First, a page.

Sometime between 5:30 and 6 p.m. on Jan. 17, Koch, along with then-Speaker of the House Ned McWherter, Lt. Gov. John Wilder, Tennessee Supreme Court Justice Joe Henry, McWherter chief of staff Jim Kennedy, Secretary of State Gentry Crowell, Treasurer Harlan Mathews, Leach and others, huddled at the Supreme Court chambers.
“The agreement was that oath would take place, with all the constitutionals there so that the public knew it was a consensus decision,” Koch said.
Then they had to break the news to Blanton. The group decided a phone call would be courteous but didn’t want to give Blanton enough time to make a counterstrike.
“McWherter asked Kennedy if he had Blanton’s new number at his private home,” Koch said. Kennedy dials, then hands the phone to McWherter. “Betty Blanton answers the phone, and she and McWherter exchange pleasantries. Ned then says, ‘May I speak to the governor?’ ” After he explained what happened next, Koch showed me documentary footage of McWherter, who died in April, recounting the story.
“About the time [Blanton] came to the phone and I hear the word, ‘Hello,’ [Attorney General] Leach was standing there right by me,” McWherter said. “And I just passed the phone to Leach and said, ‘Here Bill, you tell him.’ And so Leach told him, I could hear what he said. He said ‘Gov. Blanton, we are here with the speaker of the Senate, the speaker of the House, Wilder is here, McWherter is here, the Supreme Court is here, and we are about to swear Gov. Alexander in early. He is here at present, and within five minutes he will be the new governor of the state of Tennessee officially.’ ”
Blanton screamed “The hell you say!” loud enough that others in the room heard him through the receiver. Then Leach hung up the phone.
Phil Bredesen served as mayor of Nashville from 1991 to 1999 and as governor of Tennessee from 2003 to 2011. He’s been credited with bringing the Tennessee Titans and the Nashville Predators to town, as well as guiding the state through precarious financial times.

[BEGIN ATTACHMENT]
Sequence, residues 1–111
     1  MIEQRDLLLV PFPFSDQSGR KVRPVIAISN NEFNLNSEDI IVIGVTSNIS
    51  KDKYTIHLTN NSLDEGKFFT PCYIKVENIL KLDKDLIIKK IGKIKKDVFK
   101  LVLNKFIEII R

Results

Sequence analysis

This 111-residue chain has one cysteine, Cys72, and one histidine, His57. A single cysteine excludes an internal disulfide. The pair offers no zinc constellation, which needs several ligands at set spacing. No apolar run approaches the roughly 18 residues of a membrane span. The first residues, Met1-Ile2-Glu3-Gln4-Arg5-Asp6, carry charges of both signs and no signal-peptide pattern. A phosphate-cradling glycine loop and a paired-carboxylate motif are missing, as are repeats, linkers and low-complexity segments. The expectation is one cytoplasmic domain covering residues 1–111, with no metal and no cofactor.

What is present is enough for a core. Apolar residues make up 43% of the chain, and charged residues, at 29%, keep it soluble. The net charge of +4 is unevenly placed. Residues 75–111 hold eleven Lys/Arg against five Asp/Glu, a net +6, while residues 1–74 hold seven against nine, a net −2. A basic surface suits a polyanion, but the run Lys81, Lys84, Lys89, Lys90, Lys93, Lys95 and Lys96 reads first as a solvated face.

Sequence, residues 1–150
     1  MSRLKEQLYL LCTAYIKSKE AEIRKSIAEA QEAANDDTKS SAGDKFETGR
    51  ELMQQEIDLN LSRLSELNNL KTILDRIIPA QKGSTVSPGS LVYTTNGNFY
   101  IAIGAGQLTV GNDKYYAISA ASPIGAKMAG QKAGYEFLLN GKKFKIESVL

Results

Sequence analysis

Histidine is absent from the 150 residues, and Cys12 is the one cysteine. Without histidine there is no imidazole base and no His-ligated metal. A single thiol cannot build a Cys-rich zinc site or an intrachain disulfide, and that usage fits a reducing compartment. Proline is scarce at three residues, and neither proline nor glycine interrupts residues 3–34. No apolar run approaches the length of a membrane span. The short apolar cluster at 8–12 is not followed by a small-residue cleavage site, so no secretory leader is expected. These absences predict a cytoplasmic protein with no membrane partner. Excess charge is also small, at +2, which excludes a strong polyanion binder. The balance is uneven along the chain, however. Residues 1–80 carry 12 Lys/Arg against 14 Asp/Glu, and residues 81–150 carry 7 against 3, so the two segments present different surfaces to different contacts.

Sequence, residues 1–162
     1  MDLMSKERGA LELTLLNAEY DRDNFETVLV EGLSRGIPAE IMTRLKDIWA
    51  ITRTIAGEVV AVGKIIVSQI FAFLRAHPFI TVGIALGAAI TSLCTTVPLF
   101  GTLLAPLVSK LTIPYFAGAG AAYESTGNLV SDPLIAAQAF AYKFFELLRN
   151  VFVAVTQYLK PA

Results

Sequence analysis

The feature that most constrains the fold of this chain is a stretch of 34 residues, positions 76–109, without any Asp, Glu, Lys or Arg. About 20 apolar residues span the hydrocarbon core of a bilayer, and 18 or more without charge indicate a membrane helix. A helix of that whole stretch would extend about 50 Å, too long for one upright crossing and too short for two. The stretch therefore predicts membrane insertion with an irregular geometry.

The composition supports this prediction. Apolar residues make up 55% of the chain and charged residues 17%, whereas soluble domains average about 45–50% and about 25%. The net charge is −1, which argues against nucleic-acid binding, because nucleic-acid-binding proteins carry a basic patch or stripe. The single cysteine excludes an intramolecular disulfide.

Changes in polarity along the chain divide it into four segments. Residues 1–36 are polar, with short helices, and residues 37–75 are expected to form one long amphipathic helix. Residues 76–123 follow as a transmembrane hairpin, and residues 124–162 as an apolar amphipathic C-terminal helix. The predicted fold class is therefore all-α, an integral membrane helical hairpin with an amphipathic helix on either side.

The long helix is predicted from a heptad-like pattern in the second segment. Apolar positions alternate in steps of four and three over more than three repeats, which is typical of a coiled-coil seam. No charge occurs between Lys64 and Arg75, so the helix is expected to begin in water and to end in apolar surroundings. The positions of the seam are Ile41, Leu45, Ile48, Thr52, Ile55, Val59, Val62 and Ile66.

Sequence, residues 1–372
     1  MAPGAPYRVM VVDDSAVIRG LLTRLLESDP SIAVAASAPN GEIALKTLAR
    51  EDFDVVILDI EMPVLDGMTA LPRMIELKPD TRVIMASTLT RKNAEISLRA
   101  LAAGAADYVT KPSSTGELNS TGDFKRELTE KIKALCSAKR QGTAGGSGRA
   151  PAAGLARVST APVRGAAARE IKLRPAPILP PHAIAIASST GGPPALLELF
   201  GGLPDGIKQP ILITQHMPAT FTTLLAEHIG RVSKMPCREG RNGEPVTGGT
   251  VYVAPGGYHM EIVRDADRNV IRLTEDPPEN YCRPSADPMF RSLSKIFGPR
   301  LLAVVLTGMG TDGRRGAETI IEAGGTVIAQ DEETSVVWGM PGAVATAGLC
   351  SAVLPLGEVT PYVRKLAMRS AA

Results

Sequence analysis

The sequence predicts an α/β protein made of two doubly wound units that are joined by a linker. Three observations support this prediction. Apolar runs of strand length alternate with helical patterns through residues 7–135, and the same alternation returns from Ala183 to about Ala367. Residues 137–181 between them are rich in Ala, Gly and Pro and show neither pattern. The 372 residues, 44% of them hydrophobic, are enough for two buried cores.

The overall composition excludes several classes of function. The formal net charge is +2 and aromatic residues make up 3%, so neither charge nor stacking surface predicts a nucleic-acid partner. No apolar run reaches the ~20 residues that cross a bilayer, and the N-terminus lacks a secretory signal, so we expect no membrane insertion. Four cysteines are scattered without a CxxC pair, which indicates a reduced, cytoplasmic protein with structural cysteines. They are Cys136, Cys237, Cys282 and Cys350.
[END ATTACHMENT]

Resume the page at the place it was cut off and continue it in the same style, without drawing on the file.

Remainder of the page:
While Bredesen is known more today for his political victories, there were losses along the way. In 1987, he lost a mayor’s race to then-Congressman Bill Boner. The next year, he lost a congressional race to Bob Clement, the son of a former governor.
But for Bredesen, none was as crippling as the loss on Nov. 6, 1994. That night, he made a phone call that would come to define his political career: conceding to Gov.-elect Don Sundquist.
“I stepped into a hallway, just with [longtime political adviser] Dave Cooley, and we talked about it was time to make the call. He [Sundquist] was pretty cool toward me — he wasn’t obnoxious toward me, just cool and proper. The call lasted about 30 seconds.
“I knew at the time it was a major juncture. I regard that as the single biggest shortfall, the time I got hit the hardest, the biggest blow.
“I stepped back into the room for family time. It was fairly quiet — somber would be too strong a word. There was a relief that it was over.”
Had Bredesen won, of course, Nashville probably wouldn’t have the Titans or the Predators, as he wouldn’t have been mayor when those opportunities arose. Nor would Bredesen have been as successful a governor at that time in his life, he suggested. Still, the loss stung.
“When I ended up losing that race, it was a sore loss,” he said. “It pretty much put an end to a lot of possibilities — national office … a national career, losing that race slammed that door.
“That call was the major fork in the road in my political life.”
The assassination of Martin Luther King Jr.
Kelly Miller Smith Jr. is the pastor of First Baptist Church, Capitol Hill. The church has long been recognized as a beacon for the city during the turbulent years of the civil rights movement. Smith assumed his pastoral duties there in 2010, after serving as pastor at Mt. Olive Baptist Church in Knoxville.
When Smith walked through the doors to deliver his first sermon as full-time pastor last year, it was in some ways a step back in time. From 1951 until his death in 1984, Smith’s father, the Rev. Kelly Miller Smith Sr. led the church. Working with the NAACP and Nashville Christian Leadership Council — as well as his stand during the student sit-in movement that led to the desegregation of Nashville lunch counters — Smith Sr. became one of Nashville’s most important figures in the fight for equality.
He was also a close friend of Martin Luther King Jr. The King and Smith families dined together when in the same city, and the two men shared the same philosophy of nonviolence in the battle for civil rights.
On April 4, 1968, the phone rang at the Smith home.
Smith Jr., 14, came in from playing ball. “My mother was just hanging up the phone with my father, who was still at the church office. Someone had called him there,” Smith Jr. said. “I remember her telling me and the shock I felt. We knew him well, and he was a household name. It was a tremendous blow.